Clifford added that Charlotte’s condensed schedule, featuring seven games in 11 days, has complicated efforts to bring Batum along slowly.

“He just needed to play some,” said Clifford. “I think once we get through this stretch he’ll be good. He eats up minutes anyway.”

Batum working his way back into the rotation could help the Hornets address one of the early issues, which has been the incorporation of Howard into the offense. Batum gives Charlotte another proficient pick and roll ball handler in addition to Kemba Walker, and he should help put Howard in better positions to score.

“It’s a lot different being out there with Nic,” said Walker. “He just takes so much pressure off a lot of us. It’s really good to have him back. He just makes the game easy for a lot of us.”

Three Hornets have executed over 20 pick and rolls as the roll man this season. Cody Zeller has scored 1.14 points per 100 possessions on 22 such possessions. Frank Kaminsky has scored 1.15 per 100 on 33 possessions as a roll man. This scoring efficiency for both players ranks just above the league average.

For Howard, in 24 possessions as a roll man, he’s scored .75 per 100, which ranks in the eighth percentile. In other words, Howard ranks in the bottom 10 percent of the league in pick and roll scoring efficiency. Just as Howard was unable to establish a consistent pick and roll partnership in Atlanta last season with point guard Dennis Schroder, Howard’s possessions as a roll man in Charlotte account for only nine percent of his total possessions.

By contrast, Howard has used 95 possessions this season in post isolation, which accounts for more than a third of his total possessions (35 percent). He’s scoring a ghastly .66 per 100 possessions, which ranks in the 15th percentile league-wide. Of the 17 players who have used at least 50 post-up possessions this season, Howard ranks dead last in scoring efficiency.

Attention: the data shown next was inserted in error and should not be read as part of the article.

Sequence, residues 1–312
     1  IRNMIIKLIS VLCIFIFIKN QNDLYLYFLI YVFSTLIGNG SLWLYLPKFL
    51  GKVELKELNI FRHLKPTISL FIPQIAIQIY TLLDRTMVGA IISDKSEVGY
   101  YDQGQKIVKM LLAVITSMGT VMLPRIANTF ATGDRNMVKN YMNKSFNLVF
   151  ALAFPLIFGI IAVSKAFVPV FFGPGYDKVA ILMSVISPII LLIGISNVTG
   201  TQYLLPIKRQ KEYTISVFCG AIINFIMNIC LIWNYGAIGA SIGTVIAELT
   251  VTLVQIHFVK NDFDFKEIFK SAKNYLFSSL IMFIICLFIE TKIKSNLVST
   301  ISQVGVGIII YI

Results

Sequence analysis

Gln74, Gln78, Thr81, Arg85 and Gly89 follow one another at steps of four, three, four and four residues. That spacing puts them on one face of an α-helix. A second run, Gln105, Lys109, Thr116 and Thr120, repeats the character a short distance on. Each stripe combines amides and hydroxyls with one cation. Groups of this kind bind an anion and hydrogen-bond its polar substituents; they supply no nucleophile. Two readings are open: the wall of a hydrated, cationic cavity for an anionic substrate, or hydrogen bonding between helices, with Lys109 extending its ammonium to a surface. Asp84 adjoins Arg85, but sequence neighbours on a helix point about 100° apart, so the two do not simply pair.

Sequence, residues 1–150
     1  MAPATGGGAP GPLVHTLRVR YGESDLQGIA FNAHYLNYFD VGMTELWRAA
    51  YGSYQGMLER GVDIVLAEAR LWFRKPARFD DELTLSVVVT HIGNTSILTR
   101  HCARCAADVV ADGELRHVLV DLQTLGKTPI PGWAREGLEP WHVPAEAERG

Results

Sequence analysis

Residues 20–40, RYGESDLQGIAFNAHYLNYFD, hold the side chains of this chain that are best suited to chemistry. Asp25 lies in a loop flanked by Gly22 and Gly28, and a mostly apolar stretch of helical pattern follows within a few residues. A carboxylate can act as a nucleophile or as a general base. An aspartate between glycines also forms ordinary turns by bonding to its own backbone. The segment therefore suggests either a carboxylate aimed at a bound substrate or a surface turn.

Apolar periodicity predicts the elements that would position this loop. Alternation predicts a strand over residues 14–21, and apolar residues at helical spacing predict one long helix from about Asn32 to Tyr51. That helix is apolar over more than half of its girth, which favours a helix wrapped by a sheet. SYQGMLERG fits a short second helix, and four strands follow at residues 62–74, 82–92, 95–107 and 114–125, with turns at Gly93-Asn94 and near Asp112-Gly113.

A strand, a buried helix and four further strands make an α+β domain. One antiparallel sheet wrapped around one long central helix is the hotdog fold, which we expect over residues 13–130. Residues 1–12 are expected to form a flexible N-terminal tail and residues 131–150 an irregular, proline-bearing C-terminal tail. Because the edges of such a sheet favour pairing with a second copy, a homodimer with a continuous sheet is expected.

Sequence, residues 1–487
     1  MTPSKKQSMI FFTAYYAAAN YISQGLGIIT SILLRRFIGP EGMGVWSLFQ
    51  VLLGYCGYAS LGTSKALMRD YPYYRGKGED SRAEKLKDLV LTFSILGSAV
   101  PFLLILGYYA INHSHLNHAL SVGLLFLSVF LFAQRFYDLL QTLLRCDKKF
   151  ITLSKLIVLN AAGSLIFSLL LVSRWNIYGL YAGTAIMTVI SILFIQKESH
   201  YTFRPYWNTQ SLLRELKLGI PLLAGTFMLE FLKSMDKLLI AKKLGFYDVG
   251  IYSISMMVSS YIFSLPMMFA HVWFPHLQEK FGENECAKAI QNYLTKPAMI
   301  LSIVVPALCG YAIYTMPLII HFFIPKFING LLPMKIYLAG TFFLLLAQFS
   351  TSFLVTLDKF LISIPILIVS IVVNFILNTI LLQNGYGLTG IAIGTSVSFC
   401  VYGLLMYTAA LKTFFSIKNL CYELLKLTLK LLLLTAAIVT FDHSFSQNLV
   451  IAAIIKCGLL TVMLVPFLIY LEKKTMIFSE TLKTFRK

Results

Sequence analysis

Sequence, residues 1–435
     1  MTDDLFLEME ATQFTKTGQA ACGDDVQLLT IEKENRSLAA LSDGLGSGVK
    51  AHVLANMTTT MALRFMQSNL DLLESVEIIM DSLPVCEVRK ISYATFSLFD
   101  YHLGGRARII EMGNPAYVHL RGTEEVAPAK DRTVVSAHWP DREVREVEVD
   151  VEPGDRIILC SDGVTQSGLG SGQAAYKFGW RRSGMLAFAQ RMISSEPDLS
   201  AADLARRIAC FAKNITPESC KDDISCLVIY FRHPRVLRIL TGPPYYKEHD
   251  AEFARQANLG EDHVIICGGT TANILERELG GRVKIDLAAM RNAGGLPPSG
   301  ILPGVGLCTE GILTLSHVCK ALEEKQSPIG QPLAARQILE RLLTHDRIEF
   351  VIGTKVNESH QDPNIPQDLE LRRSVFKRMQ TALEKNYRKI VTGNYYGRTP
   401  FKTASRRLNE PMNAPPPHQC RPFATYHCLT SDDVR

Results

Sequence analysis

Despite these struggles, Clifford said Batum’s re-integration into the lineup has already resulted in more opportunities for Howard, both from direct and indirect assists.

“Since Nic came back now he’s getting the ball a lot more,” said Clifford. “That’s how Nic plays. It’s not only directly from Nic, but Nic will see how he’s playing and touch the ball to somebody else so they can get it to him.”

Clifford sounds relieved to have Batum back in the rotation, almost as if he’s an assistant coach on the floor.

“Certainly [it helps] our efficiency and organization on both ends of the floor,” said Clifford. “It’s the very nature of how he plays.”

With the Hornets just outside the playoff picture in the East, Batum’s return should help stabilize the team in its quest for the postseason. Batum wasn’t available to help ease Howard’s integration in the early part of the season. But now that he’s back, according to Clifford, he’s already been a huge asset to the team’s cohesion.

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Life After Philadelphia is Just Fine For Turner